Ibn Sina subsequently settled at Rai, in the vicinity of modern Tehran, (present day capital of Iran), the home town of Rhazes; where Majd Addaula, a son of the last Buwayhid emir, was nominal ruler under the regency of his mother (Seyyedeh Khatun). About thirty of Ibn Sina's shorter works are said to have been composed in Rai. Constant feuds which raged between the regent and her second son, Shams al-Daula, however, compelled the scholar to quit the place. After a brief sojourn at Qazvin he passed southwards to Hamadãn where Shams al-Daula, another Buwayhid emir, had established himself. At first, Ibn Sina entered into the service of a high-born lady; but the emir, hearing of his arrival, called him in as medical attendant, and sent him back with presents to his dwelling. Ibn Sina was even raised to the office of vizier. The emir decreed that he should be banished from the country. Ibn Sina, however, remained hidden for forty days in sheikh Ahmed Fadhel's house, until a fresh attack of illness induced the emir to restore him to his post. Even during this perturbed time, Ibn Sina persevered with his studies and teaching. Every evening, extracts from his great works, the Canon and the Sanatio, were dictated and explained to his pupils. On the death of the emir, Ibn Sina ceased to be vizier and hid himself in the house of an apothecary, where, with intense assiduity, he continued the composition of his works.

Meanwhile, he had written to Abu Ya'far, the prefect of the dynamic city of Isfahan, offering his services. The new emir of Hamadan, hearing of this correspondence and discovering where Ibn Sina was hiding, incarcerated him in a fortress. War meanwhile continued between the rulers of Isfahan and Hamadãn; in 1024 the former captured Hamadan and its towns, expelling the Tajik mercenaries. When the storm had passed, Ibn Sina returned with the emir to Hamadan, and carried on his literary labors. Later, however, accompanied by his brother, a favorite pupil, and two slaves, Ibn Sina escaped from the city in the dress of a Sufi ascetic. After a perilous journey, they reached Isfahan, receiving an honorable welcome from the prince.

Later life and death

Avicenna's tomb in Hamadan, Iran
 
The inside view of Avicenna's tomb in Hamadan, Iran
 

The first page of a manuscript, authored by Ibn Sina.

 

The remaining ten or twelve years of Ibn Sīnā's life were spent in the service of Abu Ja'far 'Ala Addaula, whom he accompanied as physician and general literary and scientific adviser, even in his numerous campaigns.

During these years he began to study literary matters and philology, instigated, it is asserted, by criticisms on his style. A severe colic, which seized him on the march of the army against Hamadan, was checked by remedies so violent that Ibn Sina could scarcely stand. On a similar occasion the disease returned; with difficulty he reached Hamadan, where, finding the disease gaining ground, he refused to keep up the regimen imposed, and resigned himself to his fate.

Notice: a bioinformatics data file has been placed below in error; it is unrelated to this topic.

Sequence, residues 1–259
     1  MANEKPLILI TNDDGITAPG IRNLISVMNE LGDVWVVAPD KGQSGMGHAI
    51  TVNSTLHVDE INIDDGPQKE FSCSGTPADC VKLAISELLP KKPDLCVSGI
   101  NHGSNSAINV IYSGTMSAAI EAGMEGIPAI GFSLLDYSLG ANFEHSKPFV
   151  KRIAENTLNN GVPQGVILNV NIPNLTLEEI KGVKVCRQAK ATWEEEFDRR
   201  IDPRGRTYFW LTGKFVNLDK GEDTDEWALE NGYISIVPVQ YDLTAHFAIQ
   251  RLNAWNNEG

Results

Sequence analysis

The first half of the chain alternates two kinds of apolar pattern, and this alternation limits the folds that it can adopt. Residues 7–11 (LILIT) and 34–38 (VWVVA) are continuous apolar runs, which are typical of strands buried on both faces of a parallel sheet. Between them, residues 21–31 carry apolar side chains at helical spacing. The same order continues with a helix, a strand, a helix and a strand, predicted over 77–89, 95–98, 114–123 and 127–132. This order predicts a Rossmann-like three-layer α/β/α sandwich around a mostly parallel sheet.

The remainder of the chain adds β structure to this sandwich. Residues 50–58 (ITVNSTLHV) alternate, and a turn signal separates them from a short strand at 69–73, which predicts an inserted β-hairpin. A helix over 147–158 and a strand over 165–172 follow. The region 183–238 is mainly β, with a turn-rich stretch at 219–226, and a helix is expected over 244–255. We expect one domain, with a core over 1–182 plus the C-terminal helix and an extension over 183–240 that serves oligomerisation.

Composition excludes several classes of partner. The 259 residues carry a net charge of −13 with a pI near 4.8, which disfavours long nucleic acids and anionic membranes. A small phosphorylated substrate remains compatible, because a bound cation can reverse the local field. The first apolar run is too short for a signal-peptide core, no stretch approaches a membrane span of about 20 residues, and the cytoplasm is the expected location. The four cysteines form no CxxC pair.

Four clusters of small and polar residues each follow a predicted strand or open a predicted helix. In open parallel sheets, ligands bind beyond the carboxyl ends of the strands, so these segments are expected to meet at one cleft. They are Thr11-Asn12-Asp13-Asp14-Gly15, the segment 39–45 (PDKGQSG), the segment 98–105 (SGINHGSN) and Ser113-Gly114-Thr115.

His friends advised him to slow down and take life moderately. He refused, however, stating that: "I prefer a short life with width to a narrow one with length".On his deathbed remorse seized him; he bestowed his goods on the poor, restored unjust gains, freed his slaves, and read through the Qur'an every three days until his death. He died in June 1037, in his fifty-eighth year, in the month of Ramadan and was buried in Hamadan, Iran.

Avicennian philosophy

Ibn Sīnā wrote extensively on early Islamic philosophy, especially the subjects logic, ethics, and metaphysics, including treatises named Logic and Metaphysics. Most of his works were written in Arabic - which was the de facto scientific language of the time in the Middle East, and some were written in the Persian language. Of linguistic significance even to this day are a few books that he wrote in nearly pure Persian language (particularly the Danishnamah-yi 'Ala', Philosophy for Ala' ad-Dawla'). Ibn Sīnā's commentaries on Aristotle often corrected the philosopher, encouraging a lively debate in the spirit of ijtihad.

In the medieval Islamic world, due to Avicenna's successful reconciliation between Aristotelianism and Neoplatonism along with Kalam, Avicennism eventually became the leading school of Islamic philosophy by the 12th century, with Avicenna becoming a central authority on philosophy.

Avicennism was also influential in medieval Europe, particular his doctrines on the nature of the soul and his existence-essence distinction, along with the debates and censure that they raised in scholastic Europe. This was particularly the case in Paris, where Avicennism was later proscribed in 1210. Nevertheless, his psychology and theory of knowledge influenced William of Auvergne, Bishop of Paris and Albertus Magnus, while his metaphysics had an impact on the thought of Thomas Aquinas.